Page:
Reading and Writing Quarterly Journal Impact Factor & Information

Publisher: Taylor & Francis (Routledge)

Journal description

Reading and Writing Quarterly provides direction in educating a mainstreamed population for literacy. It disseminates critical information to improve instruction for regular and special education students who have difficulty learning to read and write. Interdisciplinary in scope, the journal addresses the causes, prevention, evaluation, and remediation of reading and writing difficulties in regular and special education settings. It encourages manuscripts on teaching the reading and writing processes to students experiencing difficulties in these areas. Possible topics include adjustments for language-learning style, literature-based reading programs, teaching reading and writing in the mainstream, study strategies, language-centered computer curricula, oral language connections to literacy, cooperative learning approaches to reading and writing, direct instruction, curriculum-based assessment, the impact of environmental factors on instructional effectiveness, and improvement of self-esteem.

Current impact factor: 0.00

Impact Factor Rankings

Additional details

5-year impact 0.00
Cited half-life 0.00
Immediacy index 0.00
Eigenfactor 0.00
Article influence 0.00
Website Reading & Writing Quarterly website
Other titles Reading & writing quarterly (Online), Reading & writing quarterly
ISSN 1521-0693
OCLC 41180984
Material type Document, Periodical, Internet resource
Document type Internet Resource, Computer File, Journal / Magazine / Newspaper

Publisher details

Taylor & Francis (Routledge)

  • Pre-print
    • Author can archive a pre-print version
  • Post-print
    • Author can archive a post-print version
  • Conditions
    • Some individual journals may have policies prohibiting pre-print archiving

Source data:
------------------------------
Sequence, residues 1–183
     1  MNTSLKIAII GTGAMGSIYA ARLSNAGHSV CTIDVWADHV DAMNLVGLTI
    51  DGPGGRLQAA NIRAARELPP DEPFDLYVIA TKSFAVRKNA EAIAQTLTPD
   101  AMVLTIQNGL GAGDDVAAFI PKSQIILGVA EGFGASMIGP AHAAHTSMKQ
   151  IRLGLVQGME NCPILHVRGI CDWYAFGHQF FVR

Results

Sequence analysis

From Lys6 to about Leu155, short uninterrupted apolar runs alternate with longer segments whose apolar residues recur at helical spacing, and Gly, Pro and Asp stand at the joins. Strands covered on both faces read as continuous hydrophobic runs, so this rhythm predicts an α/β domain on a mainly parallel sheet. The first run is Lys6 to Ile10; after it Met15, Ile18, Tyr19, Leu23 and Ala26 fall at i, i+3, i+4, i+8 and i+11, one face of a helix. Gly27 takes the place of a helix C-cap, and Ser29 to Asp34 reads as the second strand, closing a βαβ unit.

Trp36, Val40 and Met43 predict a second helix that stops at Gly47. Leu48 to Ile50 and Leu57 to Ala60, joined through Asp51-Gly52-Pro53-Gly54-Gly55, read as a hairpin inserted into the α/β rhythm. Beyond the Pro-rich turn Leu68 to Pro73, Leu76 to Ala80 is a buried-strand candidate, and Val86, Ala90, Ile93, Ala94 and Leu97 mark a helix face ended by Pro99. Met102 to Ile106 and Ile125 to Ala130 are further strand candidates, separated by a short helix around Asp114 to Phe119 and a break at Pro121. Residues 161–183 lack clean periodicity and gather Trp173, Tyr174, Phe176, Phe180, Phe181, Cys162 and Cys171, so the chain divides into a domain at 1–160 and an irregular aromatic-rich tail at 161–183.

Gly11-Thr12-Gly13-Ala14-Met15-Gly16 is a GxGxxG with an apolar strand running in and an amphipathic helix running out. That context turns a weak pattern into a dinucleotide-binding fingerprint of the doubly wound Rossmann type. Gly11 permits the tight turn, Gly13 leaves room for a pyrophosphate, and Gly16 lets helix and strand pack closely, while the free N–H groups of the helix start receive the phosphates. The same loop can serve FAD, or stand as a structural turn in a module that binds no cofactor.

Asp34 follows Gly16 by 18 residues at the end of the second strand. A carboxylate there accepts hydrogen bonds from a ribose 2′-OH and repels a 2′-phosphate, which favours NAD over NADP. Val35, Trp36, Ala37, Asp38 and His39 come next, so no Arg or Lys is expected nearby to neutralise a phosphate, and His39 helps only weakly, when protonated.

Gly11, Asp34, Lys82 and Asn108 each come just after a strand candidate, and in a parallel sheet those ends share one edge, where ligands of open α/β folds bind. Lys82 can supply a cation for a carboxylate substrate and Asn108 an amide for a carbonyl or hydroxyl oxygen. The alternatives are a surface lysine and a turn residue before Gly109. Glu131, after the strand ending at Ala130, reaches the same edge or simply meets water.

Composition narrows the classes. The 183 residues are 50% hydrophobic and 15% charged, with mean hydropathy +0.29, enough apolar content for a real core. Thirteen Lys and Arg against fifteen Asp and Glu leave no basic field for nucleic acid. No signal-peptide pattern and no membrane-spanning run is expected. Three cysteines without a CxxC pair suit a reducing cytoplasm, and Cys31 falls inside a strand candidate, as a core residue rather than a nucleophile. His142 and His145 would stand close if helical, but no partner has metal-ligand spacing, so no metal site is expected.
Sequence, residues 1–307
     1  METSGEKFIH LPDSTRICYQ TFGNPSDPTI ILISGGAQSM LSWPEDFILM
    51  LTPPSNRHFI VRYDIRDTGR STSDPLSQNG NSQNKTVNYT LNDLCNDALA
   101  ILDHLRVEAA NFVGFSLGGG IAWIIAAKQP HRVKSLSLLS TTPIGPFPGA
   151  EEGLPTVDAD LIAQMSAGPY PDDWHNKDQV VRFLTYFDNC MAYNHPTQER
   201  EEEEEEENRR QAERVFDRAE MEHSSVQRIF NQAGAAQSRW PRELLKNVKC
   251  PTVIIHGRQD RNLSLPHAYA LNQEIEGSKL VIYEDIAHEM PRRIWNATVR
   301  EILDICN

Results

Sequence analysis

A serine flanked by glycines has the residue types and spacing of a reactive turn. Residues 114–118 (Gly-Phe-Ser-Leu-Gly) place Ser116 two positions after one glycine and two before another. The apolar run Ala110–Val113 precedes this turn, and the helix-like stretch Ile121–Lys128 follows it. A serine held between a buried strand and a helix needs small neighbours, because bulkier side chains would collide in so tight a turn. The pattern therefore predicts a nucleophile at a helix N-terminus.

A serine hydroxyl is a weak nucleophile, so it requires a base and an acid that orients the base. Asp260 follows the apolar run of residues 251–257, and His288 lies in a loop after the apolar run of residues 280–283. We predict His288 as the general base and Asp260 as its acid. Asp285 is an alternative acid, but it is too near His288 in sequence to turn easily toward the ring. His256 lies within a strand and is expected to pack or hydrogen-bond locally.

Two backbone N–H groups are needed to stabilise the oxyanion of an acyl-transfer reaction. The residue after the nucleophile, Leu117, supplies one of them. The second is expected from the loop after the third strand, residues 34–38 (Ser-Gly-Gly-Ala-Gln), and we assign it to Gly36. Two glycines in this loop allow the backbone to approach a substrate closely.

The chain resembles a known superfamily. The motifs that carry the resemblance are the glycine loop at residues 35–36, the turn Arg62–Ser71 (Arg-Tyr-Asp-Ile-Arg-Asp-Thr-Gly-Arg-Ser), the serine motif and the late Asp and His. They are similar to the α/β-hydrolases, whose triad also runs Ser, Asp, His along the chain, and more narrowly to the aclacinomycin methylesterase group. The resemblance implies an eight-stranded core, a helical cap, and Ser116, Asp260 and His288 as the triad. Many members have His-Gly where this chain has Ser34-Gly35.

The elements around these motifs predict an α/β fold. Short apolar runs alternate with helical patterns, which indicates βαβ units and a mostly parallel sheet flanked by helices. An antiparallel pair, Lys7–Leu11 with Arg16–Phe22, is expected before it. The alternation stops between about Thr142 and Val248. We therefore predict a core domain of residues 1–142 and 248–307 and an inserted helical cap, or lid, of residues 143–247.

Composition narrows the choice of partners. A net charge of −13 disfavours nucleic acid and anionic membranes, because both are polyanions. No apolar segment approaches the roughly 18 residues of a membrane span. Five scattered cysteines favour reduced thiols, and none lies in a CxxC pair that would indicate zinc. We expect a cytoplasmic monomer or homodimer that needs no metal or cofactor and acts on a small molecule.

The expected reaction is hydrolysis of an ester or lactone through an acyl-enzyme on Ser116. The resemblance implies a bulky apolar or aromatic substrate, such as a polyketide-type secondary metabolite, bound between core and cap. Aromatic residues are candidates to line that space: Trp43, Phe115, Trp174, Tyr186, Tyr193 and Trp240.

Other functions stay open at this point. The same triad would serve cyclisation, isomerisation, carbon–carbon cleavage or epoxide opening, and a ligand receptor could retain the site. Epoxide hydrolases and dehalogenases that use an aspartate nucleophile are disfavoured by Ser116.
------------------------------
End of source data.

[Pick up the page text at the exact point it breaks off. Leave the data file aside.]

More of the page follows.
• On author's personal website or departmental website immediately
    • On institutional repository or subject-based repository after a 18 months embargo
    • Publisher's version/PDF cannot be used
    • On a non-profit server
    • Published source must be acknowledged
    • Must link to publisher version
    • Set statements to accompany deposits (see policy)
    • The publisher will deposit in on behalf of authors to a designated institutional repository including PubMed Central, where a deposit agreement exists with the repository
    • SSH: Social Science and Humanities
    • Publisher last contacted on 25/03/2014
    • This policy is an exception to the default policies of 'Taylor & Francis (Routledge)'
  • Classification
    ​ green

Publications in this journal

  • [Show abstract] [Hide abstract]
    ABSTRACT: Written expression is a critical component of the academic curriculum that is needed across content areas and grade levels. Despite the importance of writing, secondary students are struggling to write effectively across the phases of written expression, beginning with prewriting. This research sought to support students' written expression and sustain their written expression improvements by gradually reducing the amount of support provided by procedural facilitators. This study presented 3 procedural facilitators from the most to the least support to 54 eighth-grade students. Results indicated that the procedural facilitators significantly supported written expression. When the amount of support was gradually reduced, students maintained their improved written expression through posttest measures.
    Reading and Writing Quarterly 10/2015; 31(4):316-333. DOI:10.1080/10573569.2013.857975
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    ABSTRACT: This study investigated the degree to which the quality of teachers’ language modeling contributed to reading achievement for 995 students, both English language learners and native English speakers, across developmental bilingual, dual language, and monolingual English classrooms. Covariates included prior reading achievement, gender, eligibility for free lunch, and ethnicity. A 2-level hierarchical linear modeling analysis revealed that (a) prior achievement, Latino ethnicity, and eligibility for free lunch contributed significantly to the model but gender did not; (b) students gained 3 points for each unit increase in the quality of language modeling across classrooms; and (c) reading achievement for English language learners was not significantly different than that for native English-speaking students. In addition, cross-level interactions revealed that the slope of the quality of language modeling and reading achievement for students in monolingual English classrooms and developmental bilingual classrooms was stronger than that for students in dual language classrooms. We discuss classroom implications of bilingualism and language modeling in improving reading outcomes.